'Appreciate your allies, you don't have many:' EU's Tusk to Trump

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LONDON - Britain's Prime Minister Theresa May said on Tuesday she was looking forward to positive talks with US President Donald Trump later this week, after he said that Britain was in turmoil and considered May critic Boris Johnson a friend.

Trump's relationship with Putin, and his inconsistent stance on Russia's interference in the 2016 United States presidential election, is perhaps one of the most scrutinized aspects of his presidency. "It's not a bad thing, I've said that many times".

Mrs May has been strongly criticised over her Chequers plan for Brexit which Jacob Rees Mogg has claimed will leave Britain as a "vassal state" to the European Union and Mr Johnson has said will turn the United Kingdom into an European Union "colony".

FRANCE has plans to increase defense spending by more than one third by 2025, sending it well on its way to satisfying the 2 percent goal and earning a stamp of approval from Trump.

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He told reporters in Washington before leaving that "frankly it helps them a lot more than it helps us" and then later tweeted from Air Force One that he may demand reimbursements from the European member nations. 'I'm confident the UK-US alliance will play a leading role in advancing our shared values of democracy and freedom, ' he said. He said in a Twitter post that a trade deficit with the European Union "makes it impossible for our farmers and workers and companies to do business in Europe. and then they want us to happily defend them through North Atlantic Treaty Organisation, and nicely pay for it".

Member countries are anxious that Trump will spurn them and threaten to unravel the organization, their fears stemming from the G7 meeting last month.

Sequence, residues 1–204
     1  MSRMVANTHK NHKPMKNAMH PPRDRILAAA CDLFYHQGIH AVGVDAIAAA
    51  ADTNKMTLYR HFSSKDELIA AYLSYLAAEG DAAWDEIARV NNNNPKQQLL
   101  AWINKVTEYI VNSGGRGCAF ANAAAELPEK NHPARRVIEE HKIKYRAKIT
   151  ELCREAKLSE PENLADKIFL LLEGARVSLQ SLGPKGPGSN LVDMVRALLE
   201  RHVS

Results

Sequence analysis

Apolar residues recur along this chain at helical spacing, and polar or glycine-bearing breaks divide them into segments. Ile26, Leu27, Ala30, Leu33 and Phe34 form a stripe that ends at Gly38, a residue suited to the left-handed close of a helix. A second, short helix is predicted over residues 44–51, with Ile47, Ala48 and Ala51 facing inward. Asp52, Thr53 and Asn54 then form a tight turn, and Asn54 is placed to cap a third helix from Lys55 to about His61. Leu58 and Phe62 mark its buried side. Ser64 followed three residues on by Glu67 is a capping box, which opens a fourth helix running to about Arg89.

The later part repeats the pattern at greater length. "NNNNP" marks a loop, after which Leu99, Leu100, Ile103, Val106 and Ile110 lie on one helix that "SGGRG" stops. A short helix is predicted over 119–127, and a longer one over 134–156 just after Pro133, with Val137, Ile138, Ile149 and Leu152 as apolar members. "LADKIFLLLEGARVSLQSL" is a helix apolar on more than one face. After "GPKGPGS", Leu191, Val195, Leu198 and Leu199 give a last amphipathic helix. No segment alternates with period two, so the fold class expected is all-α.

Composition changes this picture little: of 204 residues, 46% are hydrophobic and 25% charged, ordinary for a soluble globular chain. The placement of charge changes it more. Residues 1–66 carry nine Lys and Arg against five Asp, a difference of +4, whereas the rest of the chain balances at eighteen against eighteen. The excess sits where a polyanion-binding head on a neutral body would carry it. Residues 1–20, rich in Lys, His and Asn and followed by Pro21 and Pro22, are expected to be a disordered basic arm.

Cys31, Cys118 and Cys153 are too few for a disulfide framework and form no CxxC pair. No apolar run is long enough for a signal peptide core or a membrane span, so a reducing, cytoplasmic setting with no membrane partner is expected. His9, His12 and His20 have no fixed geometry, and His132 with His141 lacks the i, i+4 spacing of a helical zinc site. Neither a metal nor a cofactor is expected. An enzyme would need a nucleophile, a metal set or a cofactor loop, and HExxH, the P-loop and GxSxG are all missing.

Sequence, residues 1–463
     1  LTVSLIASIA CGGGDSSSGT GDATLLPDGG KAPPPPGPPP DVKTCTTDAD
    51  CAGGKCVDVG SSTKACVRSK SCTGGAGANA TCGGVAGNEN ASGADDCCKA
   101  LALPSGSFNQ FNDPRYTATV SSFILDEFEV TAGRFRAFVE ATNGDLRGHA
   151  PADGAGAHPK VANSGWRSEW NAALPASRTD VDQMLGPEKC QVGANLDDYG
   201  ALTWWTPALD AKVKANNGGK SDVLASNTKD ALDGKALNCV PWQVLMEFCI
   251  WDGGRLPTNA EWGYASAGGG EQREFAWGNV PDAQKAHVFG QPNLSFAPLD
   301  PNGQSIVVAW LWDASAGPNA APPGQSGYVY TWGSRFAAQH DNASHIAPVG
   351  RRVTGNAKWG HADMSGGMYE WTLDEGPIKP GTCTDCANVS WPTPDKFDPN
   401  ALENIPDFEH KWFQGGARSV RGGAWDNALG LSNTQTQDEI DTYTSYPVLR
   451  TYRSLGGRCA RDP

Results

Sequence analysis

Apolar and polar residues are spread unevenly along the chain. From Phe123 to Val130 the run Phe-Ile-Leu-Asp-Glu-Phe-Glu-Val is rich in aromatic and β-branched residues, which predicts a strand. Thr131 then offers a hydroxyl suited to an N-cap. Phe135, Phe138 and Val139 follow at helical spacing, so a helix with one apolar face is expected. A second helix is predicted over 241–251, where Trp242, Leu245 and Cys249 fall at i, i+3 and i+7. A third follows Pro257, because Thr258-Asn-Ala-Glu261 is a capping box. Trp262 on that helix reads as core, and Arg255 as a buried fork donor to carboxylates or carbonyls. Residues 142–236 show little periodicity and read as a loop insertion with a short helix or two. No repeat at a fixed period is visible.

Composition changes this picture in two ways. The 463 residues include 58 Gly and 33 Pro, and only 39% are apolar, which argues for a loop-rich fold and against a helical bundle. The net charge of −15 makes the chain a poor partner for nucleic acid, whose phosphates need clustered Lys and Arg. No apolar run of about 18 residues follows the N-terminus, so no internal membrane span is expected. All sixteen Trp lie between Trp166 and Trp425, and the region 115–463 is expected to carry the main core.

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While Mr Trump is looking to improve relations with Russian Federation, there has been alarm at the deteriorating climate with his allies in Europe and what he might agree to with President Putin.

While it's true that the U.S. provides roughly 22% of NATO's budget, this percentage is based off a carefully crafted formula that includes factors such as the size of a member state's economy.

"I really can't say right now". The NATO chief said that the Europeans and Canada are projected to spend around US$266 billion more on defence by 2024.

CANADA and NORWAY are other offenders in the eyes of the US president, although Ottawa has plans to increase its defense budget by almost three-quarters over the next decade.

The EU Council leader said pointedly that when Mr Trump did meet Mr Putin on 16 July "it is always worth knowing who is your strategic friend and who is your strategic problem". "[Trump] is going to talk to Russian Federation, to Putin about his malign influence in so many areas", she said. Trump declined to go with either option, calling Putin a "competitor" instead.

Defense spending among the 29 nations belonging to the transatlantic military alliance increased to an estimated 2.42% of gross domestic product (GDP), up from 2.4% in 2016, the organization said earlier this year.